20 Minutes of Action

CW: Sexual Assault
Rating: ⭐️

I think most directors and actors would be daunted when dealing with the impossible task of depicting a victim of one of the most heinous sexual assault cases in modern American history. Pollyanna Esse and her cast however take up the task.  

I wish they hadn’t.  

The play is unfortunately inconsistent, both in the actors’ American accents and the overly familiar GCSE drama feel of the play. It made me feel as if I was watching a troop of 16-year-old students preparing to fight the injustices of the world: an issue stemming from the direction rather than the acting. I do not however deny that Esse’s ambition is admirable, her motive noble – just execute it with the same intention. 

Firstly, the acting must be addressed. There were several saviours who carried the heavy burden of not just the play’s themes, but the lack of muster from the other characters. Benji Sumrie playing The Perpetrator had a monumental role, no easy task. He struggled through the first half of the play presenting a disjointed and uneven accent which distracted from any real acting; he also seemed to forget his lines at several points making his performance uncomfortable and to a standard not worthy of being staged. The latter part of the play was an improvement as his final speech, alongside his idealising parents (Molly Reed and Henry Mobius), showed remorse and a range of acting not seen previously throughout the show: the fake crying was a distraction though. Whether this was a direction from Esse or Sumrie’s incoherent take on the case, I felt he was trying to evoke a certain type of sympathy from the audience, making The Perpetrator seem more humane. This was in poor, poor taste. Additionally, the song playing upon my arrival into the theatre was ‘Wicked Games’ by Chris Isaak. Why this was the song choice for a play about sexual assault escapes me. With lines in it such as “It’s strange what desire will make people do” and “The world was on fire and no one could save me but you” how on earth did anyone from Esse to the producing team think this was in any way acceptable? It left me with a severely bitter taste in my mouth.  

On a more positive note, the sisterly bond displayed between the Victim (Fiona Forster) and Victim’s Sister (Sophie Westwood) felt genuine and I could see in the actors’ physicality good emotional depth which was true to the story. Forster had the daunting task of portraying The Victim through the verbatim lines Esse used in her writing of the play: a positive, as to paraphrase this case would have been troublesome in itself. However, Forster’s portrayal of The Victim was stagnant – she was rooted to the spot where from the other side of the theatre, her facial expressions could not be seen, more of an issue with the staging rather than her ability. To make up for this I would have liked to have seen more variety in her tone, it was at times monotonous and sadly wooden. Someone who shone out to me throughout the play was Westwood, her acting carried the whole performance and she was a breath of fresh air compared to the static nature of the show.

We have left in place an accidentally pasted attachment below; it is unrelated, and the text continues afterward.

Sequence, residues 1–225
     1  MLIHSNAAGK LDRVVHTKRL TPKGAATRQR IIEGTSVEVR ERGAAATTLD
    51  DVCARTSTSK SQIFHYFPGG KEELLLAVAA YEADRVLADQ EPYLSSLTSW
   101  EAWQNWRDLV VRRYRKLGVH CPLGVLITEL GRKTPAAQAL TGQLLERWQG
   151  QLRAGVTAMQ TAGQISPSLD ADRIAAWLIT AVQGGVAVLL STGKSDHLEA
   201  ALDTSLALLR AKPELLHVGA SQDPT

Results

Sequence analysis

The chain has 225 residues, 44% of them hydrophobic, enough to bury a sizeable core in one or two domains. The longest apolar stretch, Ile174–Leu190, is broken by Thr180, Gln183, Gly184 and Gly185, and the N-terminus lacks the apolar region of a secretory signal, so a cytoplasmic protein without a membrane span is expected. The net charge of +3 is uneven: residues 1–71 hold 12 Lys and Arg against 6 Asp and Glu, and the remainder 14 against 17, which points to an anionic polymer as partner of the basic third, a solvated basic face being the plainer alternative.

Additionally, the play’s execution lacked cohesion. Whether Esse directed it with intentionally long pauses between actors’ lines, or they forgot them – overwhelmingly long gaps filled the show which felt awkward and disjointed. Another feature that contributed to this impression was the “synchronous” movements of the desks. If they were synchronous, they would have added greatly to the show. Unfortunately, this was not the case. What made it worse was the sequence where Forster found out about the assault case online. The lights were turned off and the actors’ faces were only illuminated by their phones. It felt clumsy. Sumrie’s phone switched off momentarily distracting from Forster’s speech, again making it stagnant and lacking flow. Having said that, The Reporter played by Evie Faber was brilliant. Her American accent accompanied with her tone and pitch, was convincing and fantastic. I wish she had had more dialogue as it would have elevated the play. This added to the rising feeling that the whole casting seemed off. The people who played background characters should have come to the forefront or played a bigger role.  

Finally, after enduring what can only be described as a slow crawl to the penultimate minute of the show, some of the actors came to the front of the stage to discuss sexual assault. This was the only part of the play I thoroughly engaged with. Highlighting the relevance and importance of speaking against sexual assault, I would have preferred there to be more clarity on who this part was referencing – whether it was the actors’ own experiences or another verbatim piece. However this was well done and there was a real profoundness that rounded off the play, and the main reason for what I can only describe, as a generous review.  

Overall, the play lacked cohesion and vision. However, I cannot argue that this was a reputable attempt at representing one of the most pertinent issues of our time. I only wish it was done better.

Image via Edinburgh News